• Example
      • at Oregon State 
  • Lib Guides
    • from Springshare
    • Pros
      • Easy updates
      • limited Web design skill necessary
      • customization available
      • off-site hosting (they host it)
      • easily reusable (can harness items within and at other institutions with Libguides)
    • Cons
      • High cost – based on FTE – 17000 students – $5,000)
      • Access problems with off-site servers
        • trouble with authetication because of location
      • Not fully customizable
    • Examples
      • Kari Weaver’s Marketing class

Advanced Technology Options

  • Podcast or screencast
    • subscription based
    • invest in great microphone to include audio
    • need server space
    • get a video camera – some for $100
  • Tutorials
    • Anywhere, point of need
    • need screen capture software with good audio
    • Camtasia, Captivate, Jing, Camstudio
  • Mashups
    • RSS feeds, Images everything fed onto Web page
    • Content is not owned by guide creator, could disappear
  • Examples
    • New Zealand University of Auckland
    • Wartburg

Library Playground – demo of Yahoo pipes

libraryplayground.wordpress.com

Implementation at your Library

  • Get buy in from staff
    • Create standards first (would have done this first)
  • Interfacing with Tech department (don’t recommend doing first and asking for forgiveness)
  • Matching talents with tools
  • Addressing user expectations

Find help and experience

  • Springshare has some online tutorials

Assess your User Guides (offer prizes or food)

  • usage statistics
  • surveys
  • focus groups
    • six students, six people was very successful

Final thoughts

  • Choose items carefully and start small

Send email if you want copy of presentation.

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2 thoughts on “Relevant User Guides in a Web 2.0 World

  1. Hi there,

    This is Slaven Zivkovic, from Springshare, the creators of LibGuides. Thank you very much for mentioning our LibGuides system in your post. If I may, I wanted to correct one thing and also comment on a few others.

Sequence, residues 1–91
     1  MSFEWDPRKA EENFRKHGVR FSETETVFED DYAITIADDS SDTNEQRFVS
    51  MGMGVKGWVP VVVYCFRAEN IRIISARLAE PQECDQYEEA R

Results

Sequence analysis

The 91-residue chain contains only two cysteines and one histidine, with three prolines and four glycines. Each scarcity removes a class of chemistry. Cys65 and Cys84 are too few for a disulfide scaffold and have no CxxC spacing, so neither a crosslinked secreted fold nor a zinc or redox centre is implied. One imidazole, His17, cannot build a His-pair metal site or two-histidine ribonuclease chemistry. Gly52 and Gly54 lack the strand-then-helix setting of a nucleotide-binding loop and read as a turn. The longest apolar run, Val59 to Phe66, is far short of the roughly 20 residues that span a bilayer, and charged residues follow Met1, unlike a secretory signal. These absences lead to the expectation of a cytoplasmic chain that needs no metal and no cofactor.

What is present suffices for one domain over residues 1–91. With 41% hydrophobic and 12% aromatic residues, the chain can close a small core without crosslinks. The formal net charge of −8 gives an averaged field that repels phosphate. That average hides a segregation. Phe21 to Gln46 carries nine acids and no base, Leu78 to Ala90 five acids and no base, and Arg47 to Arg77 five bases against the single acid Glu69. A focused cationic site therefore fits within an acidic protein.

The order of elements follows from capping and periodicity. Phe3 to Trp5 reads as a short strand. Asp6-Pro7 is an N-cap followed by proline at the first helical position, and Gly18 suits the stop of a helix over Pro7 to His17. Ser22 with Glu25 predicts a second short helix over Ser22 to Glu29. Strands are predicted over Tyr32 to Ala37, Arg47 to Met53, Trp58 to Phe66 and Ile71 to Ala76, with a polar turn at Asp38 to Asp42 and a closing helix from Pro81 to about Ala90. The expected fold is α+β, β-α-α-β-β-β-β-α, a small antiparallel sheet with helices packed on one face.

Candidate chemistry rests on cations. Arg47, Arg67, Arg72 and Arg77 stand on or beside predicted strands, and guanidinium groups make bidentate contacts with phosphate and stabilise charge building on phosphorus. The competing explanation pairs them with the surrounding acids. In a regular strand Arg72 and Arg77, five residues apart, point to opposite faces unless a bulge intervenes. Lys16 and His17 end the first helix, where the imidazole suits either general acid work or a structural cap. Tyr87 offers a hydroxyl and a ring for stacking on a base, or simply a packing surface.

The correction is in regards to pricing – for FTE of 17,000 the price of LibGuides would be $1,999 (not $5,000 as you mentioned in your post).

    While the system is not free, I believe it is very affordable considering the benefits. We have 550+ libraries (and growing every day) using our platform so you would be in a good company if you join our growing community 🙂

    You also mentioned the issue with accessing the system from off-site because it is hosted – I must say that no library has had any issues with accessing the system, even though it is externally hosted. We also have a neat technology solution available which uses your own domain name for access to our servers, so the system would be fully “branded” as if it was yours, accessed locally, including your own domain name/url.

    Last but not least, the system is more customizable then any other solution you mentioned in your list (of course I would say this 😉 but I’ll also be more than glad to provide specific examples because we have answered this question from many clients already)

    Thanks for considering.

    Best,
    -Slaven Zivkovic

    • Hi Slaven,

      Thank you for responding to my post on this presentation. The two librarians from Wartburg College were very complementary of LibGuides overall and were pleased that this was the service they chose for their institution. The content of this post is almost exclusively from their slides and commentary during the presentation so I apologize for any inaccuracies that I have transcribed.

      I have heard good things from other colleagues about Libguides and hope to personally experiment with your service sometime soon.